A Speaker to Root For

Magazine Review by Katy Haas

During the first few months of the pandemic, I couldn’t read anything. My attention span was gone and anything I did manage to read left my mind immediately. But that ended when I sat in the park and read Dorothy Chan’s Revenge of the Asian Woman (Diode Editions, 2019) from cover to cover. My locked-away ability to read had found its key. Already a fan of Chan’s work, this just helped solidify my love for her poetry even more, and I’m always more than happy to check out any of her newly published poems. The October 2020 issue of Poetry gives the gift of her poem, “Ode to Chinese Superstitions, Haircuts, and Being a Girl.”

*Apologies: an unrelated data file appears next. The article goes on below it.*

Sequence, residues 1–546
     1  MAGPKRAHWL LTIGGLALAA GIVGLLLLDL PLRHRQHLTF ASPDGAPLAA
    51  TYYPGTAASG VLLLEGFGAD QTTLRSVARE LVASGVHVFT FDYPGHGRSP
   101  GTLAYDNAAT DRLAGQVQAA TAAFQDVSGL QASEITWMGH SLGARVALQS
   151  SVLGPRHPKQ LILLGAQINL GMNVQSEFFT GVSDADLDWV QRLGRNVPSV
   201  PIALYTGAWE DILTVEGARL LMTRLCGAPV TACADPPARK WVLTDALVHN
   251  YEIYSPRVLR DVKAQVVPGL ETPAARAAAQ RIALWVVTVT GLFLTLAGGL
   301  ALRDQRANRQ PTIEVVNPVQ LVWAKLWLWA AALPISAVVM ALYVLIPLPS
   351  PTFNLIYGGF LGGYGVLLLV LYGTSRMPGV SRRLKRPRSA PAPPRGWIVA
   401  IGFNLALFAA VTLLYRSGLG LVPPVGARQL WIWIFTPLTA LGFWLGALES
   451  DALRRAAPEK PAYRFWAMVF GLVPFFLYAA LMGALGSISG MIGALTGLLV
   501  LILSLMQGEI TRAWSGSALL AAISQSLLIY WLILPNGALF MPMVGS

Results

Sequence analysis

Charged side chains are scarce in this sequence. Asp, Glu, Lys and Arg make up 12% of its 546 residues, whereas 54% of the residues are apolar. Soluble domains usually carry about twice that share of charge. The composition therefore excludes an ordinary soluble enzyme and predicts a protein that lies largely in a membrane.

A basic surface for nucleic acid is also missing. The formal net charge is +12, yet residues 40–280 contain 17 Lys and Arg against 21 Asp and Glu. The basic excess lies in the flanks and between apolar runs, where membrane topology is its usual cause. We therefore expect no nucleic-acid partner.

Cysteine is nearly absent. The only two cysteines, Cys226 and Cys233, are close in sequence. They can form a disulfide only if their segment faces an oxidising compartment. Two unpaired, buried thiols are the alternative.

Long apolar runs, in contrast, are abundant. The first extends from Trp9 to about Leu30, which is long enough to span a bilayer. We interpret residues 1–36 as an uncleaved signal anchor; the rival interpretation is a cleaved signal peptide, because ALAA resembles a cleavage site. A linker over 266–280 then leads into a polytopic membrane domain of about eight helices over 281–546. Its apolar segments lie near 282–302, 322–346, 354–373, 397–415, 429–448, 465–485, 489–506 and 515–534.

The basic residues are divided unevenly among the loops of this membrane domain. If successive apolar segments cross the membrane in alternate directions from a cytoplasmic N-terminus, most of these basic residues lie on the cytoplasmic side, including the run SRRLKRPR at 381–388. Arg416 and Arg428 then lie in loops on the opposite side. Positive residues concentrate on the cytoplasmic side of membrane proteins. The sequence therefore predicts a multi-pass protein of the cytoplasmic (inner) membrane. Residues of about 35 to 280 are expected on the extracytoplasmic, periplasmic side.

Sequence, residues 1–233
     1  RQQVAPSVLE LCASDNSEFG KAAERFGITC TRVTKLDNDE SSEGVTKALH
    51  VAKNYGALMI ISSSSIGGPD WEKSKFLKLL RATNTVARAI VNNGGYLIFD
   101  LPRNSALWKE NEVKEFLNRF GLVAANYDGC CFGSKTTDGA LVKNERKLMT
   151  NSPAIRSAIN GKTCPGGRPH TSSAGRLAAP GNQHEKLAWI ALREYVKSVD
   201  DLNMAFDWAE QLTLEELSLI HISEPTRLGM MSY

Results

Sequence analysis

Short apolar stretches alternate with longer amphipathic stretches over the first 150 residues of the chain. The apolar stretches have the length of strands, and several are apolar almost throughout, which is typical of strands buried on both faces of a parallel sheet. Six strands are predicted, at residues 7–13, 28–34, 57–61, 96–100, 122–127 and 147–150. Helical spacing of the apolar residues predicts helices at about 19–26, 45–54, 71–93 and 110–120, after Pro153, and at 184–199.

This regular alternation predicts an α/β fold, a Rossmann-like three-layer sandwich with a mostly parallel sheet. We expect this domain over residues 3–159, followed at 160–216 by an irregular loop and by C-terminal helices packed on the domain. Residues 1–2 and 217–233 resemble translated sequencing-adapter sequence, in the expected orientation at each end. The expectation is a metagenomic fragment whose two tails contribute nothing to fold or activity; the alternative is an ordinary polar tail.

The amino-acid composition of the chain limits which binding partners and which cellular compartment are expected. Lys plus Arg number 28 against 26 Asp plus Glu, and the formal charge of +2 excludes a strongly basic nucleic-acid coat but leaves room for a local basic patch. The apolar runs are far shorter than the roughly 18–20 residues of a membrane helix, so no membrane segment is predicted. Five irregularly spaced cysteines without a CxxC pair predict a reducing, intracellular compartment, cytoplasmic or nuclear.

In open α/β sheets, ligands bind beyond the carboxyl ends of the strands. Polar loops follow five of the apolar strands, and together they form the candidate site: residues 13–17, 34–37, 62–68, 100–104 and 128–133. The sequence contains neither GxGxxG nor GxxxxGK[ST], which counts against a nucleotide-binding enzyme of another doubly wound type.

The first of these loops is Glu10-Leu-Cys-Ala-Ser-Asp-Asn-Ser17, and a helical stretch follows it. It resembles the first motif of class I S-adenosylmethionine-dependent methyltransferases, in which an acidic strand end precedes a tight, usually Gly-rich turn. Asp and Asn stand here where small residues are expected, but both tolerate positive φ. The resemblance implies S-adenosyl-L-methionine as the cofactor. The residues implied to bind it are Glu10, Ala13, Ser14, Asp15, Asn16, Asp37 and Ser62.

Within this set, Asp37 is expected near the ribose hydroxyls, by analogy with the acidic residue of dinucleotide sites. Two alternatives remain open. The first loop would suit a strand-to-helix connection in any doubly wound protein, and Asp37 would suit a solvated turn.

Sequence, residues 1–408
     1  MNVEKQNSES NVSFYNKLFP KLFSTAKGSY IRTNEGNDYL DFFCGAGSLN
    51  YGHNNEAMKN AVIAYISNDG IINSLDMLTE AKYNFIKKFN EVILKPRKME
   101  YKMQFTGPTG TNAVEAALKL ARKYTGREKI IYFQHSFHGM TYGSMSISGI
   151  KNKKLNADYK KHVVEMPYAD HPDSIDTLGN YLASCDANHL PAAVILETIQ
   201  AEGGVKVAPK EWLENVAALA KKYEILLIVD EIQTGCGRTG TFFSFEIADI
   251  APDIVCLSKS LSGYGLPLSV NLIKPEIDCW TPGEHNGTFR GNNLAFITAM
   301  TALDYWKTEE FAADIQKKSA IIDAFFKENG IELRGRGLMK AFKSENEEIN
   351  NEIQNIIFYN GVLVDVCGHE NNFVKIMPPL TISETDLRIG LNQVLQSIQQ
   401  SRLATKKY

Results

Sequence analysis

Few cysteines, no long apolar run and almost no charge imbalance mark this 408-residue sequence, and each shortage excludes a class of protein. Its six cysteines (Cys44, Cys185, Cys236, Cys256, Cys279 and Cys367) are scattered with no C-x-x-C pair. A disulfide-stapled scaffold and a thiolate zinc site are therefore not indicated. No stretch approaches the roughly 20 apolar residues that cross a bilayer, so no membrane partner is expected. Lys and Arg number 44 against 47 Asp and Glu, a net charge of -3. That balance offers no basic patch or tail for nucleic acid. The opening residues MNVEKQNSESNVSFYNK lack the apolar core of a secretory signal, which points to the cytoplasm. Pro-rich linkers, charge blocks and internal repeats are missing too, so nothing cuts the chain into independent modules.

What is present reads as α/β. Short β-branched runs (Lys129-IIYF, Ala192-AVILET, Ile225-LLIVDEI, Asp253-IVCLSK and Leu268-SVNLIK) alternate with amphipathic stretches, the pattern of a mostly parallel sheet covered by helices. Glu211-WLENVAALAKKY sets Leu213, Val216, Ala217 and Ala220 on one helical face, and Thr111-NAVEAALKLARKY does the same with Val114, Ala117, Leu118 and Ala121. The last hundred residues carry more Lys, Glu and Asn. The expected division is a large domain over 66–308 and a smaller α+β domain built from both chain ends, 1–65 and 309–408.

The poem flows in a rush, like a held breath finally exhaled. Chan begins with the Chinese superstition “it’s bad luck / to get a haircut when I’m sick” and leads into the role the speaker fulfills as a daughter, as a girl, as someone who “always bring[s] / the party, cause[s] the trouble . . . .” While there are specifics tied to her own self, culture, and family—her brother’s fate, her mother’s thoughts on her future, her father’s opinion on how “good Chinese girls” wear their hair—Chan leaves the reader plenty of room to relate to her words. If we don’t feel like her, we can still root for her and her “short skirt,” her “forehead forever exposed.”

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